4.      "Although the initially reported chromosomal localizations of genes responsible for manic-depressive disorder (Egeland et al., 1987) and schizophrenia (Sherrington et al., 1988) have been questioned (Byerley, 1989; Kelsoe et al., 1989), the genetic approach is bound to succeed ultimately." (The Biological Approach to Psychiatry, Samuel H. Barondes, The Journal of Neuroscience, June 1990)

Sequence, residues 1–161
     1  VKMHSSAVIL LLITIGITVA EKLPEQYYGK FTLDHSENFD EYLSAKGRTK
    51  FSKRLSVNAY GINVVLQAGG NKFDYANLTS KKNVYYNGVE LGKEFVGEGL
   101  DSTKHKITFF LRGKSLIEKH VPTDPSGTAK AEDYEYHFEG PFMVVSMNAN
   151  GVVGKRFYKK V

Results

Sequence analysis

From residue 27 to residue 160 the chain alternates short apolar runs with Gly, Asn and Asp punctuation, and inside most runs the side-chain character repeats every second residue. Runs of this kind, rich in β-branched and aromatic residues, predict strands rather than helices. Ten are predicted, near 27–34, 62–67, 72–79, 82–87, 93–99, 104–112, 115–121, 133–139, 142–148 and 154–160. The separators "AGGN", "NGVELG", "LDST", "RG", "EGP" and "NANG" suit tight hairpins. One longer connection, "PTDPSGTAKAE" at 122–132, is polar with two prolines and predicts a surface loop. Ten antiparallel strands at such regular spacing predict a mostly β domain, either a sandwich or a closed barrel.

5.      "What Causes Bipolar Disorder? ... Studies of identical twins, who share all the same genes, indicate that both genes and other factors play a role in bipolar disorder. If bipolar disorder were caused entirely by genes, then the identical twin of someone with the illness would always develop the illness, and research has shown that this is not the case. But if one twin has bipolar disorder, the other twin is more likely to develop the illness than is another sibling. ... Brain-imaging studies are helping scientists learn what goes wrong in the brain to produce bipolar disorder and other mental illnesses. ... There is evidence from imaging studies that the brains of people with bipolar disorder may differ from the brains of healthy individuals. As the differences are more clearly identified and defined through research, scientists will gain a better understanding of the underlying causes of the illness, and eventually may be able to predict which types of treatment will work most effectively." (Bipolar Disorder, National Institute of Mental Health, NIMH, 2006)